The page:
Give me time to get to know me. Allow me to be a teenager.
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I recently had the opportunity to spend some time
with an 18 year old boy. He is an avid sportsman, successful rugby player and athlete representing his school
in their first rugby team and even participating on provincial level. He is academically sound, a member of his school’s leadership corps and generally popular at school…but, depressed none the less. He tries his level best to keep his innermost feelings a well guarded secret for the sake of everyone around him, all the adults who have so many expectations of him, so many dreams and ideals for him, those he simply does not want to disappoint and for the most part he succeeds perfectly. Unfortunately at his own expense and to his own detriment. He is unhappy, discontent and is slowly but surely building a resentment towards the activities and sports he so enjoyed, the activities that allowed him to
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have fun and to unwind with others who shared the same interest. So the question then: Why the depression? Why the stress? Chatting to him it seemed that his participation in sports and cultural activities, his achievements and the various roles he fulfills have come to define who he is. “If you’re not in the first team, you’re nothing at school.” A troubling statement to hear but one he seemed to believe in strongly. He added that being a member of the team allows him certain privileges other regular learners hardly even know about, it’s economically beneficial to his parents as his tuition is completely covered by his scholarship and it validates him in a school where the competition is fierce and he can be replaced at the drop of a hat. The young man in question finds himself in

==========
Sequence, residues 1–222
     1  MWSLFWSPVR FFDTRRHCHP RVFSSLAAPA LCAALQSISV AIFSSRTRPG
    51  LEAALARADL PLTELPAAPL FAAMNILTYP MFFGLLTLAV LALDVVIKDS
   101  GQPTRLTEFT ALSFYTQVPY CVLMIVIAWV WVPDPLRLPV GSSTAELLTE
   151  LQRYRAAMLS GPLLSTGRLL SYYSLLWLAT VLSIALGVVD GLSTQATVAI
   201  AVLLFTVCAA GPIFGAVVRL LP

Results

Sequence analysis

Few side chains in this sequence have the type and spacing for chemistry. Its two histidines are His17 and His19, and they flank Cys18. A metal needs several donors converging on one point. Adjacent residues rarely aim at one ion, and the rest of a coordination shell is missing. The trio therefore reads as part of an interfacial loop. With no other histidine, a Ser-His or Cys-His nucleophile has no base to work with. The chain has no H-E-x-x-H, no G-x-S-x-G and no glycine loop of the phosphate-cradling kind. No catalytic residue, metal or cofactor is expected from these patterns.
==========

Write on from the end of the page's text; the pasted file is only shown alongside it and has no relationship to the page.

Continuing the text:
a competitive school, driven to be one of the best in the country, suggesting that performance is key. With performance comes the expectations of producing results…winning results, most of the time and preferably all of the time. Schedules are hectic, with practices at all hours of the day; morning, afternoon and even some evenings, matches every weekend, festivals in between, coupled with participation in other sporting disciplines, cultural activities, academic and leadership commitments. Most of the time it seems that he is able to cope but when the adults in his life seem to lose sight of his personal and social needs as a young man, as an adolescent, he has the innate need to escape, to break out. But should he do that his house of
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cards will undoubtedly come tumbling down…and he has no idea what and who he will be without all he has. He is 18 years old and on the verge of entering his adult life. He can drive, vote and use and buy alcohol legally…but…he is not allowed to enjoy a night out with his mates, not even after a winning performance